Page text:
Are school mottos aiming too high?


IMAGE motto boy 2


 Are School Mottos Aiming Too High ?

A child’s pain is unknowable, incomprehensible.  Has he fallen off his bike or been taunted by Bullies?  Some days it’s hard to aim high.  A photographic exhibition by Toni Wilkinson.

These photographs are from Toni Wilkinson’s photographic exhibition ‘Prolepsis’ at the Perth Institute of Contemporary Arts March 2005 (exhibition photos were full colour, however Toni has allowed them to be presented in black and white format for Black Dog). The following is an excerpt from the text describing Toni Wilkinson’s work written by Amy Barrett-Lennard (Director, Linden St Kilda Centre for Contemporary arts Melbourne).


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‘Prolepsis’ is a rhetorical device in which as expected future event or characteristic is presented as though it was an already accomplished fact. School mottos, as Wilkinson suggests in her latest series of photographs, are an example of ‘prolepsis’ in every day life.  Those high-minded slogans, usually matched with crest and emblazoned on the hats, bags, chests and ideally, the hearts of dutifully dressed school children, are designed to portray the ideals and values that these students will aspire to live by.
These mottos, statements or proclamations of hope, duty, service, achievement and godliness are literally pinned onto our children, Talisman-like, they appear to desperately, presumptuously and       pre-emptively announce both individual and ‘shared’ core values as a means of ensuring bright, successful futures.

Wilkinson’s subjects, young children and adolescents in school uniform, are photographed alone yet each of them appears somewhat overawed, whether by circumstance, environment or the burden of expectation.  Photographed in unidentified, partially cultivated surroundings, perhaps on the walk to and from school, they appear overwhelmed and bewildered by the expectations of parents, institutions, governments and churches; expectations succinctly expressed through their everyday, worn-to-school mottos. Wilkinson’s photographs suggest they have every reason to be.


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The young subjects in Wilkinson’s photographs sport a range of mottos from ‘Truth’, ‘Courtesy’, ‘Caring and Sharing’, Go forward’, ‘Aim High’ and ‘Strive for the Highest’ and including ‘Loyalty and Service’ to ‘With God for a Leader’ and ‘Serve God Serve One Another’. Her subjects are positioned within landscapes that seem to act as a kind of metaphor for the educational institutions, their charges and the enormity of imagined futures. Like the young people themselves, these ‘natural’ environments, have been shaped, pruned and cultivated to varying degrees, in the belief that it is for the betterment of society itself.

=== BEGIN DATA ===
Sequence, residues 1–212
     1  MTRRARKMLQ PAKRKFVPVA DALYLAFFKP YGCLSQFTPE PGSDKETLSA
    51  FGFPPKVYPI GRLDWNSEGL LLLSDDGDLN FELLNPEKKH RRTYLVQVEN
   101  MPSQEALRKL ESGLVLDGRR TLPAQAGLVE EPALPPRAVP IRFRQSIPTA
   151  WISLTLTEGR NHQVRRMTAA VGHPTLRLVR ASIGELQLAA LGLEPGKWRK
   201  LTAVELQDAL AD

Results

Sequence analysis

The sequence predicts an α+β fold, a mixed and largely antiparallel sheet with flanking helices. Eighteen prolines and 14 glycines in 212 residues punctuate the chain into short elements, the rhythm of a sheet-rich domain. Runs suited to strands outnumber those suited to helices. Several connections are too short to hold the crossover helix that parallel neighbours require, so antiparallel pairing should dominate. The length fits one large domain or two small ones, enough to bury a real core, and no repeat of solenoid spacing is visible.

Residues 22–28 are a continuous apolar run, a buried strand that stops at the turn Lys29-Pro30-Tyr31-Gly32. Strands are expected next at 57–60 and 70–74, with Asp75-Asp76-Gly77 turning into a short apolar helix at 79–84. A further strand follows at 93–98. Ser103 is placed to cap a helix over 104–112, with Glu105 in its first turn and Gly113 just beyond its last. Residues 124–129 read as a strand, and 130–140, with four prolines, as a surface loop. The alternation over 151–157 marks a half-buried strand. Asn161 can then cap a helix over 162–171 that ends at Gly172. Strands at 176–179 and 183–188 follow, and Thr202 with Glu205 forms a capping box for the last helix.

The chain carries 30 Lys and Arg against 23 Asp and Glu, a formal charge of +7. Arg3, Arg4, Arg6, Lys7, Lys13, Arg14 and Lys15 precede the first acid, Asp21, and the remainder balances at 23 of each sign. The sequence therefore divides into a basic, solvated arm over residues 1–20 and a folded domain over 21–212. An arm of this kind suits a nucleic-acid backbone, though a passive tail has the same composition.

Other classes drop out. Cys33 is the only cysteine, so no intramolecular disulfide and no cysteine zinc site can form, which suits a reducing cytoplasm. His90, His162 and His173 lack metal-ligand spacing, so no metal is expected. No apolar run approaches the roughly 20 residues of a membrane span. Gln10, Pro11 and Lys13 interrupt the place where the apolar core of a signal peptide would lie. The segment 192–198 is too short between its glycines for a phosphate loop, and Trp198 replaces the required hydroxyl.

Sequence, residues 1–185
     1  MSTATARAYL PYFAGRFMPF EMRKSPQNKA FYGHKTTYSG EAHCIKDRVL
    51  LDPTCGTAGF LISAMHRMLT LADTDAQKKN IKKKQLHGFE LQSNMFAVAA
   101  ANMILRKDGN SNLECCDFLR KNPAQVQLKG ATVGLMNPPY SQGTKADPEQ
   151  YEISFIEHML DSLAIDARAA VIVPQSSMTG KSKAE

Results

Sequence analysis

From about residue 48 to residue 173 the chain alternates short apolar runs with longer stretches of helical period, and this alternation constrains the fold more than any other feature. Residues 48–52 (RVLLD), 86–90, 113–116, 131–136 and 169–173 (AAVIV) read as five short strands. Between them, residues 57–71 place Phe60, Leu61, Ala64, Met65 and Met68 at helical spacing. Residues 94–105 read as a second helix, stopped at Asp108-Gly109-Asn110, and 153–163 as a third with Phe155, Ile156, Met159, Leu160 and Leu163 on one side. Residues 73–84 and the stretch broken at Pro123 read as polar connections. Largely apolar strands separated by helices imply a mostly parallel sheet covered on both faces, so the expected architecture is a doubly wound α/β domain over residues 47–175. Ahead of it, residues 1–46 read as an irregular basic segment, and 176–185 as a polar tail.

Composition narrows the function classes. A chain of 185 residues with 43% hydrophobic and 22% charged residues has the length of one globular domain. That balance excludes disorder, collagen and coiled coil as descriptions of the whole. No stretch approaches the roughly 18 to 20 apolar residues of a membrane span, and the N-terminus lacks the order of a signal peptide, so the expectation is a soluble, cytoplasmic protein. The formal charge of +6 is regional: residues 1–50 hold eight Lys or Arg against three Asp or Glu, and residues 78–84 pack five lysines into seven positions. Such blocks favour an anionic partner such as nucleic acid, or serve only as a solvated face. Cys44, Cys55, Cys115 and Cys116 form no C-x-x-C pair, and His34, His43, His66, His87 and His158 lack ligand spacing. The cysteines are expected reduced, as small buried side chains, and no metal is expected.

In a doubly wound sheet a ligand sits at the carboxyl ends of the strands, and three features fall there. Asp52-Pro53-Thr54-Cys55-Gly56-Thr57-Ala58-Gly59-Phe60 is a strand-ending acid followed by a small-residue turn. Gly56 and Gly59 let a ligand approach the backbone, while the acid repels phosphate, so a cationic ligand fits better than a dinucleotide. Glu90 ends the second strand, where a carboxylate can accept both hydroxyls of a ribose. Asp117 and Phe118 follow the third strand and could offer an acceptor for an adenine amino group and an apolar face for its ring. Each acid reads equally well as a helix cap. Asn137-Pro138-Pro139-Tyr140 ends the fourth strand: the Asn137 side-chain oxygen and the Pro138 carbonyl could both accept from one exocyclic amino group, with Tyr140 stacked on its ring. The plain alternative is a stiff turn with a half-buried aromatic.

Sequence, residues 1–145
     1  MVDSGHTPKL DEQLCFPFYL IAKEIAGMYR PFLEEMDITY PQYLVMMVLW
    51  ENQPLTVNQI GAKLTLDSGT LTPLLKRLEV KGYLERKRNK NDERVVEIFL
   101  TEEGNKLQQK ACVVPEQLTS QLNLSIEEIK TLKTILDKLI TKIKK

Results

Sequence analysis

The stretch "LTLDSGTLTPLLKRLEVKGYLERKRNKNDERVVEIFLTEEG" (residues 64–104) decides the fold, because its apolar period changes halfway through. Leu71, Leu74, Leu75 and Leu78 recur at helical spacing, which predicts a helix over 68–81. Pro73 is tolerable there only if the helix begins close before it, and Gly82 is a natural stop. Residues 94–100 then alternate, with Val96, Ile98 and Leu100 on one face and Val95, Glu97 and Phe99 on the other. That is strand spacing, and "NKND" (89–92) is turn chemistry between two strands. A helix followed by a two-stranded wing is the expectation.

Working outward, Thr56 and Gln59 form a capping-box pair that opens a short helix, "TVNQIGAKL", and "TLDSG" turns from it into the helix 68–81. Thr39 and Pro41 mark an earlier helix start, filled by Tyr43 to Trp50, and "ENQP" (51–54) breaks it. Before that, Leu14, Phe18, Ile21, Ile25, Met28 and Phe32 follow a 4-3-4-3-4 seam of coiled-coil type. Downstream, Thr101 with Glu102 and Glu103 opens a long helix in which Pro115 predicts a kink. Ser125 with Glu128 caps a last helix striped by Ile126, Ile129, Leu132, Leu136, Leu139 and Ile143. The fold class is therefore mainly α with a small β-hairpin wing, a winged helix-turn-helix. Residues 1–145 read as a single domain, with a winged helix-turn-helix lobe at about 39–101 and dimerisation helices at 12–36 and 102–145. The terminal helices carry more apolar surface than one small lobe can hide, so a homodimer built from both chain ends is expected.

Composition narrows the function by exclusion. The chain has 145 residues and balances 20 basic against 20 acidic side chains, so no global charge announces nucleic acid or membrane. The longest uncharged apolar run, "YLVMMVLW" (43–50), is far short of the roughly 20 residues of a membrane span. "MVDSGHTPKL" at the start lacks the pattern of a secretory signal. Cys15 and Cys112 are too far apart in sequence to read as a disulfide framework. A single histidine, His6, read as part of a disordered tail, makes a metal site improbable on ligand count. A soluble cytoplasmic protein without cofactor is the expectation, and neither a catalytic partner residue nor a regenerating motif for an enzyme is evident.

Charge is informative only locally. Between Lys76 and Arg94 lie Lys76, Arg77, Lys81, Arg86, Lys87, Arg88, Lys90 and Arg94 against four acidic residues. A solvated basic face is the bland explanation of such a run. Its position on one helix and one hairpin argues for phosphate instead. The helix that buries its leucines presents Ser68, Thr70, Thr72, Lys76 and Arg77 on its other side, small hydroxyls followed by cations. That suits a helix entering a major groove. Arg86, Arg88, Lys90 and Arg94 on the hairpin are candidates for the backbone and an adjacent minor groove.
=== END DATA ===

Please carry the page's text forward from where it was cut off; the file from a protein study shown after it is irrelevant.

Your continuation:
While engaged in research for this new body of work, Wilkinson came across the following statement from The Australian Government Department of Education, Science and Training.  Australian society has a shared sense of values that unite people and are important for accepting and celebrating diversity. Values such as tolerance, trustworthiness, mutual respect, courage compassion, honesty, courtesy and doing ones best are a part of our democratic way of life and shape our children’s understanding of themselves and the world. 1  These “shared values” apply to government run schools, while independent or religiously-based education, as Wilkinson notes 2 , offers additional core values generally based on church rulings as seen in mottos such as ‘Service to God’, ‘Trust in Christ’ and ‘With God as a Leader’. These “shared values”, particularly the secular ones, may seem at first quite worthy of promotion, however, as Wilkinson has said, “It is, I believe, difficult to easily apply these values as mottos because they are reliant upon translation and their meaning is entirely dependent on context.” 3


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Whose god exactly is it that we ‘Serve and Follow’? And should we blindly offer ‘Loyalty and Service’, especially when this motto, matched with the antiquated crest representing an early colonial ship upon the Swan River, alludes to a dark, colonial past not often kind to the area’s first inhabitants, descendants of whom, attend the school that has chose to brand itself this way.